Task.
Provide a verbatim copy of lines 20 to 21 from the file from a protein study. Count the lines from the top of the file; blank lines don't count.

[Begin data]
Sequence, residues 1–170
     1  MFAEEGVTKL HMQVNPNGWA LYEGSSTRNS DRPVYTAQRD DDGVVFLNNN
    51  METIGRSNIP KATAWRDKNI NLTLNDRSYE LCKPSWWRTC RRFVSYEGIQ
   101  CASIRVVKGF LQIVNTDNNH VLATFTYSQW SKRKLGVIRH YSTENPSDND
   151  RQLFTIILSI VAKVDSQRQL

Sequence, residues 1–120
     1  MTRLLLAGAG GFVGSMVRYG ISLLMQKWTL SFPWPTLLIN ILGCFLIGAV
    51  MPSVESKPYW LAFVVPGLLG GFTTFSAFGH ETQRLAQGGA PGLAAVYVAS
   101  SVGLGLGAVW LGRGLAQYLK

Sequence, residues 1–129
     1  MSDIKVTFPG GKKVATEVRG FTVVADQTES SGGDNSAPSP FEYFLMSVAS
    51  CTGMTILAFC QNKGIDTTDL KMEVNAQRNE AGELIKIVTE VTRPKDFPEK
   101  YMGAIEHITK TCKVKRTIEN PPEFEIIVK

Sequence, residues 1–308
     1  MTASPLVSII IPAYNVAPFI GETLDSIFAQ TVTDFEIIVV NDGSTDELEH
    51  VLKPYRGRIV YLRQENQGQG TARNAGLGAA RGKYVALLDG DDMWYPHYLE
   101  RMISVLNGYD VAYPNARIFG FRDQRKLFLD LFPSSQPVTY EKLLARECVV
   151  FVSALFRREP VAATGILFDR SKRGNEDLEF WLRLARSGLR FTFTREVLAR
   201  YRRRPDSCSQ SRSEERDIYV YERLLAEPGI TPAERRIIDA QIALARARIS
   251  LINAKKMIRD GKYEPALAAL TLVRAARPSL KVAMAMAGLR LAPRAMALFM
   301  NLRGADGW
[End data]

   251  LINAKKMIRD GKYEPALAAL TLVRAARPSL KVAMAMAGLR LAPRAMALFM
   301  NLRGADGW